Dan Franco: Notre Dame obvious choice for South Bend WR
Chris Masoud | Friday, November 20, 2009
Coming out of high school, the decision of choosing the right college can be a stressful process. But for South Bend native Dan Franco, the decision to come to Notre Dame couldn’t have been easier.
“It just seemed to be the perfect fit for me,” Franco said. “I was raised in South Bend since I was 8 months old, and I’ve been immersed in the whole tradition and everything, and I just loved it since the beginning.”
A graduate of nearby Clay H.S., Franco compiled some impressive numbers at the wide receiver position. Coupling that with the desire to play for the Irish instilled at an early age, Franco walked onto the team as a freshman.
Franco learned early on that coming to play for the Irish is much more than just a commitment to the football program. He knows his Notre Dame experience will be defined by more than simply his accomplishments on the field.
“The student body, just the character of kids that are here, it’s just a special group that I’m really proud to be a part of,” Franco said. “Just about anybody I run into on campus, the professors, there’s been a number of extraordinary people that I’ve been fortunate to meet through football, outside of football. Just about everybody I’ve met through here has been special.”
Grinding through the daily routine of a football season is more than just preseason workouts and a three-month schedule. Franco says the relationships he has developed with his 108 teammates, and especially within the wide receiver unit, has become an important part of his career.
“I feel close to all my teammates, but just being around the guys in your same position, I mean they’re so funny,” Franco said. “They know how to focus, but they know how to not take themselves too seriously at the same time. There’s a lot of laughter that goes on from a real deep place.”
One of those moments came in practice at the end of last season as the team prepared to travel to the Sheraton Hawaii Bowl. During a one-on-one drill between wide receivers and cornerbacks, Franco was the last receiver picked for the drill. His opponent was starting senior cornerback Raeshon McNeil.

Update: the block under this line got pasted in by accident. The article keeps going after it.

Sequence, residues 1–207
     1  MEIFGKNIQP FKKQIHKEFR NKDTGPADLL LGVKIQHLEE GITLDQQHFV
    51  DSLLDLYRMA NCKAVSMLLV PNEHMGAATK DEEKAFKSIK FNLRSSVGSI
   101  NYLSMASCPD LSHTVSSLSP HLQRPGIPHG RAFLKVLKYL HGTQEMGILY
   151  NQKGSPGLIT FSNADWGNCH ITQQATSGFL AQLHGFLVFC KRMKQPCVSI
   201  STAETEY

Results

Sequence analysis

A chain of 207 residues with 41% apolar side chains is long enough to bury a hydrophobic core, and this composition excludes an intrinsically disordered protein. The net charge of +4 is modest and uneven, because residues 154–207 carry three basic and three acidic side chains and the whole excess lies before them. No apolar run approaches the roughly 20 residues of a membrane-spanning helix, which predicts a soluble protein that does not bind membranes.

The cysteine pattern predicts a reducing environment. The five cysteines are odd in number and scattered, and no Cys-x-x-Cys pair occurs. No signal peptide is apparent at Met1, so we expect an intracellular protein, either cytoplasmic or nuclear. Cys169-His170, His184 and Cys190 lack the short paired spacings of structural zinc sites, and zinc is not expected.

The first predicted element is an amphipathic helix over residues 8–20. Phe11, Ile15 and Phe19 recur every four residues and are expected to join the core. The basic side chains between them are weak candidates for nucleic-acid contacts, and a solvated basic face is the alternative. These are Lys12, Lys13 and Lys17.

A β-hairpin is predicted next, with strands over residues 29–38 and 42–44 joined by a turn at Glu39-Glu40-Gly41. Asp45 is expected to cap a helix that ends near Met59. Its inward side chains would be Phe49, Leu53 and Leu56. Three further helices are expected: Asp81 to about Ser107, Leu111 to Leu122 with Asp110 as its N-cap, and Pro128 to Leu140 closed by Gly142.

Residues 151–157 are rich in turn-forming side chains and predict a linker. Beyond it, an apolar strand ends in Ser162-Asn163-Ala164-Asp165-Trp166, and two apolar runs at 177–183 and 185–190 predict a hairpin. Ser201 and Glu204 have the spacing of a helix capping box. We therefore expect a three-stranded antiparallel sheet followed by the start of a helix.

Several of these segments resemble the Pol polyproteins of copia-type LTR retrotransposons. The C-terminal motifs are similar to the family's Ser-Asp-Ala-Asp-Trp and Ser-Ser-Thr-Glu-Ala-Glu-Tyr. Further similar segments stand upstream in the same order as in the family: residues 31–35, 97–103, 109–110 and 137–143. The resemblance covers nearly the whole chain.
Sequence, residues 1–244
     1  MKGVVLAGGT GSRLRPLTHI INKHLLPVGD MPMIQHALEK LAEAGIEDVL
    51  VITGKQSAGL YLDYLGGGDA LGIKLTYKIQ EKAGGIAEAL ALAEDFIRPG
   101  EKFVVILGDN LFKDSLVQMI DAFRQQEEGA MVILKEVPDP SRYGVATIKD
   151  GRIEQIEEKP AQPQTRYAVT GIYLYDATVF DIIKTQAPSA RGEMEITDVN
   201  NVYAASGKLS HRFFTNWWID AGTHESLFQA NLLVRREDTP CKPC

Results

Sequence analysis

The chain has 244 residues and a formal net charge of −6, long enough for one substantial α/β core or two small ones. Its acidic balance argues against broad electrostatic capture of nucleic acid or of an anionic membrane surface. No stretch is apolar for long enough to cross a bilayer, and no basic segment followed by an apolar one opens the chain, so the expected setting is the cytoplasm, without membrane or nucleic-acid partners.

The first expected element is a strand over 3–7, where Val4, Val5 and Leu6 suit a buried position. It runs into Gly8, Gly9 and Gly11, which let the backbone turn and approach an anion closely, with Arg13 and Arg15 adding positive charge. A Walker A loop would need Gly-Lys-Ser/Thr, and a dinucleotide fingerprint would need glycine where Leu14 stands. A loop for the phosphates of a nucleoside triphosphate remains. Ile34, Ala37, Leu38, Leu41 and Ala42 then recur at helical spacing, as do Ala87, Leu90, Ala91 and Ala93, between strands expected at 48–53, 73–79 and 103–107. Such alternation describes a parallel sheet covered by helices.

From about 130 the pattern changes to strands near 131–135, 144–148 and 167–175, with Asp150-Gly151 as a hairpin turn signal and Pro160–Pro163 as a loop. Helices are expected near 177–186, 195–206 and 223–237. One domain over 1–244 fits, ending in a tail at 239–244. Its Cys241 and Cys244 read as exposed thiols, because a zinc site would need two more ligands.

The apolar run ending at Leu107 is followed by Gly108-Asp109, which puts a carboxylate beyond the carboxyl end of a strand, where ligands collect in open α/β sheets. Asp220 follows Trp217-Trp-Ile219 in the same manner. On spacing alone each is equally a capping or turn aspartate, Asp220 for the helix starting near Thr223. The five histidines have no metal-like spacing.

“I went and scored a touchdown, and it was so unassuming and it came out of nowhere,” Franco said. “It was pretty nice and everybody just swarmed me. It was a blast. He let me get the best of him that one time, that one time.”
Franco says he owes a lot of his improvement and overall development as a player to wide receivers coach Rob Ianello, who has taken on more than just the role of a position coach.
“He’s on all of us about the small things that we do right, the small things we do wrong,” Franco said. “He’s always paying attention to us and taking notes, so it’s really in the small details that he won’t let us get away with. Maybe we’ll notice, maybe we won’t, but he’ll notice them and make sure that they get corrected. Every coach is sort of like a father figure because it’s not always about football.”
Franco has never started a game for the Irish, but he has come to understand his role as a valuable member of the offense and taken it upon himself to make his teammates better.
“As a walk-on, you know that you’re not going to be playing in any games but when the freshmen first get here, they’re learning from everybody, the ropes and things like that,” Franco said. “Especially during the summer when we do seven-on-seven stuff, just helping them get along with the plays, the tempo of practice, how things are and even just talking to them about everyday life.”
Conversely, Franco’s teammates have made him a better player through their efforts to compete for a job, and none more than junior cornerback Nick Lezynski, a fellow walk-on.
“We both share the same number, and we’re constantly competing,” Franco said. “‘Oh you made this play, what did you do today, who’s the real 42?’ We’re joking around in good fun, but we’re on each other’s coattails, just getting after one another, making sure we’re both doing our jobs.”
Without a doubt, Franco realizes that when he graduates this spring, his teammates and the relationships he has developed will be missed the most.
“It sort of just happens,” Franco said. “You just get really close with the guys day in and day out, with early morning lifts or just in the middle of practice. The memories and the stories that you get to carry with you, that’s what I treasure most.”